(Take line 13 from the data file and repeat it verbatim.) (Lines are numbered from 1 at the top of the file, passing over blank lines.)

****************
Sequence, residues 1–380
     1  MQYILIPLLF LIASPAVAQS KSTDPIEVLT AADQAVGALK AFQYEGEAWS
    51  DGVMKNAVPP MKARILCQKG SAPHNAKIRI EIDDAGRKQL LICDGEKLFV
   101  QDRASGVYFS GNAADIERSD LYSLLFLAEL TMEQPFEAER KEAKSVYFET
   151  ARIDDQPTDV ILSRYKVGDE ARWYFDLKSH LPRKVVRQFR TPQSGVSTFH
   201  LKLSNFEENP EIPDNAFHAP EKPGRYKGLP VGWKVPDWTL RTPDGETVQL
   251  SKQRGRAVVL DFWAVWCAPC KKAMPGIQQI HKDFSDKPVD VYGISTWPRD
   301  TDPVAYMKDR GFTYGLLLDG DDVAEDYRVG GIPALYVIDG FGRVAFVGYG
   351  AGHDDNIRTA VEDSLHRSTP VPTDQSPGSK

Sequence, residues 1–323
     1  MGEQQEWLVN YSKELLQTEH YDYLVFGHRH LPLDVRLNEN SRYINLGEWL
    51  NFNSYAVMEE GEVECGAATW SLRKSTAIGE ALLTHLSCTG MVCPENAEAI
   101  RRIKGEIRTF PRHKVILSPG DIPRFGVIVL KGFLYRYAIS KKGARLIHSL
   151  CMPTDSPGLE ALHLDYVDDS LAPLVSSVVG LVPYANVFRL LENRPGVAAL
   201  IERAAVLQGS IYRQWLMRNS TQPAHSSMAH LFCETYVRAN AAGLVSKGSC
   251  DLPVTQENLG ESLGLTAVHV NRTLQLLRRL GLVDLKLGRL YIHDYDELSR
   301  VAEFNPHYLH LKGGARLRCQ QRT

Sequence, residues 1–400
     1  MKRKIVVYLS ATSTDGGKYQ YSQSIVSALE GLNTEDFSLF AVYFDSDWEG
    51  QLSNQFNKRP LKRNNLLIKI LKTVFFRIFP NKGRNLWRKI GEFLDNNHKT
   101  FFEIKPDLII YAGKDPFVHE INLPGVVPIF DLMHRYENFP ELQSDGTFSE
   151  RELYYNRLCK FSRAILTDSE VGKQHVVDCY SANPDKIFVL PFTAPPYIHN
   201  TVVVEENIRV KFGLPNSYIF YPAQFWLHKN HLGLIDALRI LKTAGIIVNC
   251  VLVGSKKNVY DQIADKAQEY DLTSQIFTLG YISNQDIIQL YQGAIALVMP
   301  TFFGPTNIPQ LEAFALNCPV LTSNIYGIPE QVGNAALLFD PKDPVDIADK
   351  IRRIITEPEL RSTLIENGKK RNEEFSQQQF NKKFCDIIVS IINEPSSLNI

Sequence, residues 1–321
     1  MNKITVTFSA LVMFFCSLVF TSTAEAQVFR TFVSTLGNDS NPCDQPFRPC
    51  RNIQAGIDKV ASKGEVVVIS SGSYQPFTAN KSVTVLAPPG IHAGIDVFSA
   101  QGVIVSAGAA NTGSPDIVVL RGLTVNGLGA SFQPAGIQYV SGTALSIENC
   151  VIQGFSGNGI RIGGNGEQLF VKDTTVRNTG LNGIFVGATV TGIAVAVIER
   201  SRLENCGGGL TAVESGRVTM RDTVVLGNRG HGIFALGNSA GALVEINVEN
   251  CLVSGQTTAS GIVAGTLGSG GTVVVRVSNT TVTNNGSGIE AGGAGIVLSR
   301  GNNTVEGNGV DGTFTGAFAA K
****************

   101  RRIKGEIRTF PRHKVILSPG DIPRFGVIVL KGFLYRYAIS KKGARLIHSL